Open any Maine travel brochure and count iconic images: Lighthouses, lobster, blueberries, moose. And now tattoos? Maine’s next era of branding might be literal — body art — and it reflects the popularity of tattoos throughout the nation. With waiting lists of up to six months and clients of all ages traveling long distances to work with renowned Maine artists, Maine’s tattoo culture is among the most vibrant in New England.

Tattoo practice spans centuries and cultures, but the art of Maine ink dates to at least 1925 with Peter D. Jongeleen’s “Electrical Tattooing” shop at 320 Fore St. in Portland. Once primarily associated with American sailors and outlaws, tattoos were largely popularized in the United States when tattoo legends such as Norman “Sailor Jerry” Collins began inking World War II-era servicemen. Many iconic nautical-themed images (think anchors and sailboats) can be traced directly to his Honolulu studio.

Now, with 196 tattoo licenses issued in Maine so far in 2013 — already matching the total for all of 2012 — the industry is undeniably mainstream. Visible body art is encouraged at many local venues and lauded as an extension of personal expression. Instead of apprehension, tattoos are apt to inspire conversations like “Who did your work?”

In Maine, there are as many approaches to the practice as there are designs. Even the language is complex.

Phuc Tran of Portland’s Tsunami Tattoo earned degrees from Bard College and the University of Massachusetts, but he eschews the “artist” title and refers to himself as a “tattooist,” or a “tattooer.” “The phrase ‘tattoo artist’ is kind of redundant. It’s probably a holdover from when tattooers wanted some legitimacy. I prefer tattooist. That’s what I do — I tattoo.”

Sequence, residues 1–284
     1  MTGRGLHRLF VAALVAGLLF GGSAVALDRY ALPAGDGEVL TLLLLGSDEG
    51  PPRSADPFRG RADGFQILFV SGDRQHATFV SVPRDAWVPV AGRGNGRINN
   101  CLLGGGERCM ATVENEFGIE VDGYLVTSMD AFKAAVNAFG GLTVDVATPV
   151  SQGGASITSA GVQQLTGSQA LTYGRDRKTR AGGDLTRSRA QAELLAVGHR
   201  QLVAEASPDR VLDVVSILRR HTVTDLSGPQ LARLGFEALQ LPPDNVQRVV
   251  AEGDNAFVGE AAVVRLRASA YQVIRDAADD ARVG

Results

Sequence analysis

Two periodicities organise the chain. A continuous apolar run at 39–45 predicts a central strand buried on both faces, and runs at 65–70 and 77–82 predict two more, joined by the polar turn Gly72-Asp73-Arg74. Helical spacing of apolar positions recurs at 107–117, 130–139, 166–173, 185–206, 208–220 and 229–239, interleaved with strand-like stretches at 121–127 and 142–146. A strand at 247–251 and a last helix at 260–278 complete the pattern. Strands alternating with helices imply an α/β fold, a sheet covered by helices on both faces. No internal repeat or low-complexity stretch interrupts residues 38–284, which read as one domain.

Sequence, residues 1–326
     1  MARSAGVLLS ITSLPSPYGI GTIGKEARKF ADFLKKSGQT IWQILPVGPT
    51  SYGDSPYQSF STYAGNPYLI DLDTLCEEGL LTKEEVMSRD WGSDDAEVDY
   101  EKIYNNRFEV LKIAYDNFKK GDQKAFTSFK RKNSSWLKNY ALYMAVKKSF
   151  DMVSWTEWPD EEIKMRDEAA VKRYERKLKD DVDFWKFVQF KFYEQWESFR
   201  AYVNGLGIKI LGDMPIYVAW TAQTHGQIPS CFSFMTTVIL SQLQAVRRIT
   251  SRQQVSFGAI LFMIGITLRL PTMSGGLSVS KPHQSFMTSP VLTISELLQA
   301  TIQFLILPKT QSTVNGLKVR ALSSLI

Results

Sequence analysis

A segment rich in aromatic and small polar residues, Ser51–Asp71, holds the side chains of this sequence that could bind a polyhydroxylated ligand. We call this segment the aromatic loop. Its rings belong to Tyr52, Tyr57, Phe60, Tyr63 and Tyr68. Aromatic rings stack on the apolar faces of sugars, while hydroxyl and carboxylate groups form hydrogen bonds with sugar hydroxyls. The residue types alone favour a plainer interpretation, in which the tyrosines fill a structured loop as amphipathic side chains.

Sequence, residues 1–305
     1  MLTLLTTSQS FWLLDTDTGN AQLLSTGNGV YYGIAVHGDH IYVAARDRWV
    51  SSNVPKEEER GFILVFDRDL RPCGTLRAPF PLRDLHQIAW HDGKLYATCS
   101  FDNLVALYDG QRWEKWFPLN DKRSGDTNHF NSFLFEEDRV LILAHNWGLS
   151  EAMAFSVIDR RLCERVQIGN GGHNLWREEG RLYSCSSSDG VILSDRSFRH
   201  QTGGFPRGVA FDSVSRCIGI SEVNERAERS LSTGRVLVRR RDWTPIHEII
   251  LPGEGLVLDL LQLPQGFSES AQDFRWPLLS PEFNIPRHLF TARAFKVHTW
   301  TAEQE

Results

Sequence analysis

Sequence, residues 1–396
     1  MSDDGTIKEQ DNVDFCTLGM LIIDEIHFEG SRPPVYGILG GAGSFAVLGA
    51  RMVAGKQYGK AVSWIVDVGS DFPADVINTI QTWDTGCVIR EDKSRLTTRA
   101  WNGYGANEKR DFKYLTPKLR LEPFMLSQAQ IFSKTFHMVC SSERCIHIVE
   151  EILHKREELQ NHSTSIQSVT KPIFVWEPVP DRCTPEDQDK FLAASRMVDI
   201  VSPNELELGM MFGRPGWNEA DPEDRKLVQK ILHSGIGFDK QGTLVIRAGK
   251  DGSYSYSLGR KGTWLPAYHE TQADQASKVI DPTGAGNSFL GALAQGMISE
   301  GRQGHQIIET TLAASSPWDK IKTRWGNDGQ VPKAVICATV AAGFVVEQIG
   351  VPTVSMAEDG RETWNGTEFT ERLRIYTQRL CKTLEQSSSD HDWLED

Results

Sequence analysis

However, “Many tattooers also think that the term ‘tattoo parlor’ is antiquated and harkens back to the olden days of tattooing,” he said. “I know that I would cringe at ‘parlor.’ “

Like Tran, Chris Dingwell of Chris Dingwell Studio in Portland earned academic degrees, but he considers himself an artist, not a craftsperson. Rather than a wall of stock designs, or “flash,” both men maintain detailed and professional portfolios for clients to review.

“We’re breaking away from the biker aesthetic. Back in the 1970s, that rigid perception was accurate, but now it’s reversed,” Dingwell said. “We’re college-educated folks with an art background. You are commissioning an artist.” 

‘TATTOO PRACTITIONERS’

The Maine Department of Health and Human Services — specifically, the Maine Center for Disease Control and Prevention’s Division of Environmental Health — oversees the licensing process, and health inspector Joel Demers settled the semantic debate.

In the official regulations, Tran and Dingwell are both considered “tattoo practitioners,” and the legally preferred term is “establishment,” not parlor.